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Market Sizing: Numerical Narratives

Chris Dixon posted about market sizing using narratives as opposed to numbers, and Fred Wilson agreed - even demonstrating market sizing with a cartoon illustration. 

It is easy to see why Chris' and Fred's "narratives over numbers" market sizing might be appealing. After all, as Brad Feld writes, "Almost every market sizing presentation is incorrect - by a lot. Enough to make it irrelevant." Chris writes, "you should never rely on quantitative analysis to estimate market size. Venture-style startups are bets on broad, secular trends."

This seems to make sense: tell a story because your numbers are going to be wrong anyway. But let's analyze the traditional market definitions to see why traditional quantitative methods are incorrect. Non-quantitative analysis (a story) is not enough. Market sizing has to be quantitative because it is a tool to make an investment (i.e. a quantitative) decision.

What is a market? The traditional definition of an "addressable market" is the problem. VCs and entrepreneurs use either technologies (e.g. search or semiconductors), products (e.g. insurance or printers), or users (e.g. app developers or gamers) to define markets. But these definitions are flawed because this is not they way customers think about markets. This flaw was recognized back in the 1960s by Theodore Levitt who famously noted that industries define themselves by the solutions (railroads, movies, oil), but they should be defined by customer needs (transportation, entertainment, energy).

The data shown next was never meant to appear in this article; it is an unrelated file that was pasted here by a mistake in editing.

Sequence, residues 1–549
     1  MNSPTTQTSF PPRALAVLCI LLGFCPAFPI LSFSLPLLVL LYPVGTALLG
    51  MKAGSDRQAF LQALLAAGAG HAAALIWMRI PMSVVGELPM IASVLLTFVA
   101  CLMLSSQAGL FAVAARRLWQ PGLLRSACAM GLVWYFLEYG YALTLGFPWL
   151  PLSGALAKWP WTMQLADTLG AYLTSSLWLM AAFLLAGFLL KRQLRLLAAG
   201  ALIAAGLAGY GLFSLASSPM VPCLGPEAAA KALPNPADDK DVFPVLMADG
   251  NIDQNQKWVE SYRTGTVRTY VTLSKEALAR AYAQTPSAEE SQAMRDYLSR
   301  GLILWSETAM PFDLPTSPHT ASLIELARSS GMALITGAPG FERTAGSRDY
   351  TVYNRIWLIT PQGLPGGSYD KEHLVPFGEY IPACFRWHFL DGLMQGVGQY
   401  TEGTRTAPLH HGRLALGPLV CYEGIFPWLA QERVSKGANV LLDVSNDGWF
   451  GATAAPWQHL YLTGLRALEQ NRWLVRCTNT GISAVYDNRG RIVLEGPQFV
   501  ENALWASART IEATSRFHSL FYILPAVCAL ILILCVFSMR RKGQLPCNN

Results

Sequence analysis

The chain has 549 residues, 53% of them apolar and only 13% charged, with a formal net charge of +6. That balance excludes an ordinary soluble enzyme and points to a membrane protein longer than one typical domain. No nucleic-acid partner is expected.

In contemporary language, markets should be defined by the jobs customers are trying to get done (e.g. store music), not by the solution (CDs, MP3 players). This makes telling a market size "story" much easier because jobs have a beginning, a middle, and an end, just like a narrative. And jobs are independent of any solution idea you may have. With the job as the unit of analysis, the market can be quantified with precision. We call the resulting number the "securable market" to distinguish it from traditional definitions. The inputs into the market size calculation are critical, and, surprisingly, they have nothing to do with the product or solution.

So, yes, market sizing should be based on a narrative, but it should be a numerical narrative. Otherwise, like traditional market sizing techniques, it is just a guess. 

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